This second-generation instrument will be an invaluable tool to investigate the physical and environmental processes which shape the formation and evolution of galaxies over cosmic time. In fact, its high multiplex capability (up to 24 sources observed simultaneously) is ideal to follow-up large statitistical samples of distant galaxies.
The synergy between multi-wavelength imaging surveys and KMOS deep, near-IR integral field spectroscopy will be essential to map the variations in star-formation history, spatially resolved star-formation properties, merger rates and dynamical masses of galaxies at z>1 across a wide range of environments, allowing us to delineate the mass assembly history of galaxies as a function of redshift.
KMOS is being designed and built by a consortium including:
The instrument design employs 24 configurable arms that position pick-off mirrors at user-specified locations in the Nasmyth focal plane. The light collected by these pick-off arms is then fed to 24 advanced image slicer integral-field units (IFUs) and then dispersed by three cryogenic grating spectrometers which generate 14x14 spectra for each of the 24 independent sub-units. The patrol field of the pick-off arms is 7.2 arcmin in diameter, which is the diameter of the unvignetted field at the VLT Nasmyth focus. Each IFU has a square field of view of 2.8x2.8 arcsec, large enough to allow local sky-subtraction for compact high-redshift targets, doubling the effective multiplex gain over systems which require beam-switching.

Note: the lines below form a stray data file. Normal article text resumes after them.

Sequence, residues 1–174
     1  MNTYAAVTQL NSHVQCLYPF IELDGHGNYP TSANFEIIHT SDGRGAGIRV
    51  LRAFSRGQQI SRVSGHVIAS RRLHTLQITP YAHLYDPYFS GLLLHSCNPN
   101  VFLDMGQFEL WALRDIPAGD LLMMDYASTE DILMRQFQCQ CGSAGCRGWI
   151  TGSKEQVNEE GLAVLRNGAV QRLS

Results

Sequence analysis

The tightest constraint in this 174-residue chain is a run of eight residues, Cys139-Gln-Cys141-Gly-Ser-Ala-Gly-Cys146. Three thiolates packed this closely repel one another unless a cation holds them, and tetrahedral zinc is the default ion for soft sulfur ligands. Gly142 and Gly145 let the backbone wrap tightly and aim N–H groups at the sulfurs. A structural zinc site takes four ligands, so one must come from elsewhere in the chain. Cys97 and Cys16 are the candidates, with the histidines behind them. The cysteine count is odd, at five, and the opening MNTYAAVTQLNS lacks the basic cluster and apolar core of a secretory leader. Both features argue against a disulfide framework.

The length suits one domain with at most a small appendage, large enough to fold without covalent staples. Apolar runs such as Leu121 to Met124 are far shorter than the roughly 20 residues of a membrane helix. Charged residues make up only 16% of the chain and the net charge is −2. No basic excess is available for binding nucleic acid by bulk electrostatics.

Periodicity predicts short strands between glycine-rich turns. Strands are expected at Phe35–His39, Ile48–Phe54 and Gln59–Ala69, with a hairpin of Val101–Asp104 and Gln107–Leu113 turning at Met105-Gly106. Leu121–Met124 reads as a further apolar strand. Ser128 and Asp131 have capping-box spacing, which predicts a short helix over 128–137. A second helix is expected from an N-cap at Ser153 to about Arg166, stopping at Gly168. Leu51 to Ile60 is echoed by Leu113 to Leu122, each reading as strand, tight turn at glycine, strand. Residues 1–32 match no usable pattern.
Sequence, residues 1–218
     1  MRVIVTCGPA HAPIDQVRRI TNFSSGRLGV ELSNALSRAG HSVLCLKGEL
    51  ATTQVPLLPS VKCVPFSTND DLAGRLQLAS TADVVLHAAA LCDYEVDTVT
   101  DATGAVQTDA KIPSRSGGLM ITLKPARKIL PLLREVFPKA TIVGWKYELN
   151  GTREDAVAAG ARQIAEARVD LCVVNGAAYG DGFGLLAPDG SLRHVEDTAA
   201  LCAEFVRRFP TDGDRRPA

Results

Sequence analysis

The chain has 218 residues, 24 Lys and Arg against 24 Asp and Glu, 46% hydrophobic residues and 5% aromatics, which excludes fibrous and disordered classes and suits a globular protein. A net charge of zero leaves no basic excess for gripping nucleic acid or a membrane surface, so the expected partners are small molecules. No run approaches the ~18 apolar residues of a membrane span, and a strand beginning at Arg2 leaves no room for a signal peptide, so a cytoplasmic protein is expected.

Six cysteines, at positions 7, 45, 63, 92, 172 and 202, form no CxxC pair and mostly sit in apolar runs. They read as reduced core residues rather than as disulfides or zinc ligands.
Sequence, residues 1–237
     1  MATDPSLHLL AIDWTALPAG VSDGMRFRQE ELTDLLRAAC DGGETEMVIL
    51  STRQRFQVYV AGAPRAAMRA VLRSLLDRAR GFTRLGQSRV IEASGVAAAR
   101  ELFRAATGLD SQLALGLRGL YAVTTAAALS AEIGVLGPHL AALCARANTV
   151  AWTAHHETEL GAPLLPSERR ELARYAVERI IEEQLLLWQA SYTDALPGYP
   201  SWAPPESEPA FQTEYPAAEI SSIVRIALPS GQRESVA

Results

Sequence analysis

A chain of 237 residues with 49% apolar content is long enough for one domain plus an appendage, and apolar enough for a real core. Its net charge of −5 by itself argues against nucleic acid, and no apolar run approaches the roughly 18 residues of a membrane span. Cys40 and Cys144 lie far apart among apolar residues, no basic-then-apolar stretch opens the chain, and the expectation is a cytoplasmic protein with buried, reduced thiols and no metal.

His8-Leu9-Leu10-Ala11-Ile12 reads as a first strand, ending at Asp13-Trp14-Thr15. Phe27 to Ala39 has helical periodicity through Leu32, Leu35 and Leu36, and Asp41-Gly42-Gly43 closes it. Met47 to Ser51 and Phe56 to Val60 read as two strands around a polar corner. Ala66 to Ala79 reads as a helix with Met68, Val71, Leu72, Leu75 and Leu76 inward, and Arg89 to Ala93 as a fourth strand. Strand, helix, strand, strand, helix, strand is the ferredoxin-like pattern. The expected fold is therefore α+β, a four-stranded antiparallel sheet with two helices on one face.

In addition to observing multiple individual sources, KMOS has the capability for integral field mapping of contiguous areas (~1.0 sq. arcmin) in a 24-point dither pattern. This mode would be useful for very extended sources or blank-field surveys for emission-line sources (e.g. Ly alpha at z>7). The spectral resolution of R~3500 provides velocity resolution for studies of low-mass objects and is optimal for OH-avoidance in the J & H bands. Lower resolution modes are also possible and would allow simultaneous coverage of two adjacent bands.
The instrument has just completed formal acceptance testing prior to shipping release to Chile in July 2012. Commissioning work at the VLT site in Paranal is scheduled to start in September 2012. The UK-ATC has a major role in the KMOS project, being responsible, amongst others, for the construction of the cryostat, the robotic pick-off arms, the cable co-rotator and the final assembly and test of the complete instrument.
We have added information and pictures for some of the interesting details about the project on the KMOS updates and photos page.
For more information about KMOS please contact Michele Cirasuolo or visit the University of Durham KMOS (link opens in a new window) website.